rest-lose-muscle_main2To build muscle you need to consistently put in hours of hard work in the gym, breaking down muscles with strenuous exercise so they can regrow bigger and stronger. The more you work them out, the bigger they will get. Everyone knows that! The more time and effort you put into something, the more you will get out of it right?

This concept of more is better is not essentially true when it comes to trying to put on size and strength. The biggest thing that many people overlook when it comes to packing on muscle is recovery. They get the nutrition that they need, their workouts are intense enough to stimulate muscle growth, but they don’t see any progress when they look in that mirror. I’ve been there, and I can tell you that it can be frustrating, putting in all those hours in the gym and not gaining an ounce of strength or size despite having nutrition on point. Recovery is such an important part of gaining muscle, but for many people recovery is often non existent leading to very slow or non existent gains.

one-does-not-simplyIf someone notices that they’ve been working out a particular muscle and it doesn’t seem to grow or get stronger, the first thing that they instantly relate that to is not training hard enough in the gym. That seems logical right? If you don’t push it hard enough in the gym, your body will have no reason to get stronger or bigger. So what is the easy fix to this? They add in more sets, change up their rep tempo, and often add in training techniques such as: rest pause reps, pre-exhaustion sets, and supersetting exercises. They up the intensity of their workouts, and sometimes may also increase the training frequency of that muscle to 2 to 3 workouts in a week for that one body part. To many seasoned and veteran trainers/bodybuilders out there, they’ll tell you that it’s absolute insanity. Some guys are already doing 40-50 sets for arms per workout (20 sets for biceps and 20 for triceps) and want to add in another day of arms to try to spark growth? Not only is that draining to the muscular system itself, but the central nervous system as well! Especially if someone is all natural and are not on any performance enhancing drugs.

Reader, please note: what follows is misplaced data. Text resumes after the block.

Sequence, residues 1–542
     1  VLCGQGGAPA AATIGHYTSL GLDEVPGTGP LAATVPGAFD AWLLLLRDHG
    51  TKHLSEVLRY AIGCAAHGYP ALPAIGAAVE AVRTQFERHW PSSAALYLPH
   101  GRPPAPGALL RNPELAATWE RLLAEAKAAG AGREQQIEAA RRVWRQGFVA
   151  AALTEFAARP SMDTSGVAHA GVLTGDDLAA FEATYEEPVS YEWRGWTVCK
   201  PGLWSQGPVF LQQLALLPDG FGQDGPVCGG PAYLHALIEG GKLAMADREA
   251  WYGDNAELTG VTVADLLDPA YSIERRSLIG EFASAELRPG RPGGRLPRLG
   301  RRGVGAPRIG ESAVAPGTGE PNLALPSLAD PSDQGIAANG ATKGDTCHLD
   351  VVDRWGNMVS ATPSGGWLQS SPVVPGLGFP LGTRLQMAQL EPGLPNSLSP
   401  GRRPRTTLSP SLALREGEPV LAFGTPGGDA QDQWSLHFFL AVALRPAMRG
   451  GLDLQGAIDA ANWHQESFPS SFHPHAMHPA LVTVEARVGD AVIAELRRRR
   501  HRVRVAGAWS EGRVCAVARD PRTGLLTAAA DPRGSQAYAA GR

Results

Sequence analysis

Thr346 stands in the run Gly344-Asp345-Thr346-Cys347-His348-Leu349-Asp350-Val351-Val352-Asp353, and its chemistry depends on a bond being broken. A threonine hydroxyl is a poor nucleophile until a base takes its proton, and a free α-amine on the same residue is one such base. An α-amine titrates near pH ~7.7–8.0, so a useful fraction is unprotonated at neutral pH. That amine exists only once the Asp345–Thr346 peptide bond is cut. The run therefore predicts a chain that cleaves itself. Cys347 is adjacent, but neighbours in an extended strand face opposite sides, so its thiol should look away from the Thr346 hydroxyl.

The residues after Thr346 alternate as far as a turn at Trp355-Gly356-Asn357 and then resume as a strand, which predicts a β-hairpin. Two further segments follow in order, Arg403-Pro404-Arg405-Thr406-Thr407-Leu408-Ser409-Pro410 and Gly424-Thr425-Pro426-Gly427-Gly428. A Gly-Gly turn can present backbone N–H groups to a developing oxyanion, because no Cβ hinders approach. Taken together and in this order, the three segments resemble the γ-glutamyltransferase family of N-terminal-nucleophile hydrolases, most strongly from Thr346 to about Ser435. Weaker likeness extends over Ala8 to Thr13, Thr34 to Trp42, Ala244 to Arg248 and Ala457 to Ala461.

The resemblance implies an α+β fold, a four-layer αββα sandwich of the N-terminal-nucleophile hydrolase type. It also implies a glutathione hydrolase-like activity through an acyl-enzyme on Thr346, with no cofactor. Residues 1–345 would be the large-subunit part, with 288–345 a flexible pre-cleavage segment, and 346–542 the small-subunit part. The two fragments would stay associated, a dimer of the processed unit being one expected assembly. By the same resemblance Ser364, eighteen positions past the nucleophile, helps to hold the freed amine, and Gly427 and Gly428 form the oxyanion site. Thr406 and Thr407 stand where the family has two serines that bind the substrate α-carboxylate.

The truth is, you only need to spend less than 10% of your total available time in the gym. You want to get in there and get out as quick as you can. When I first started working out, I thought that 30-40 minutes of training wasn’t enough to grow. But as I got more experienced and learned from much older and more knowledgeable people I learned that you either stimulate a muscle in the gym or you don’t.

You don’t want to stimulate a muscle with a few hard working sets, and then after it’s stimulated and ready to grow, pound it into the ground with 20 more sets, and do that 2-3 times a week and expect it to grow bigger and stronger. As Jeff Cavalier of the Athlean-X YouTube channel always says: “you want to stimulate a muscle, not annihilate it,” and he couldn’t be more right. For people who are short on time and looking to build that awesome physique, it’s good news for you.

You don’t miraculously grow bigger while at the gym for 2-3 hours at a time! In order to build muscle, you must provide your body with sufficient recovery time and nutrients in between workouts after having stimulating the muscle. Recovery is absolutely crucial for you to see gains in your weight training program. I often hear about guys pushing through a workout when they’re sore saying that it’ll heal them up quicker and that they will grow more. This is absolutely bogus.

A friend once taught me about muscle growth using an analogy that muscles are buildings and your workouts resemble earthquakes. Imagine every time you go to the gym you’re hitting the ‘buildings’ with massive earthquakes and it takes time for the buildings to be repaired. The buildings that are constantly being hit with earthquakes week after week have to be rebuilt even stronger to withstand the earthquakes. Well what if earthquakes continuously keep hitting the buildings before they’re able to be repaired, what do you think will happen? The building may in fact be repaired as smaller and weaker structures. This works the same for muscle growth and recovery cannot be stressed enough. I hope you understood that analogy that I used with buildings and earthquakes, I found it to be quite interesting when my friend told me about it and I hope you did too.

So hit your muscles hard, let them recover, and you will slowly but surely see more of the results that you want. As Mike Mentzer, one of the best and most knowledgeable bodybuilders of all time once said: “You can train hard, or you can train long. You can’t do both and expect great results.”


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John considers himself as a fitness enthusiast who loves to do anything to keep the body in peak physical performance (much like a highly tuned machine). He mainly focuses on sports nutrition and supplement research, but is also highly knowledgeable in relation to muscle growth and fat loss. He's helped numerous people over the years achieve the body that they've always wanted and hopes his information will guide you to the goals you want.

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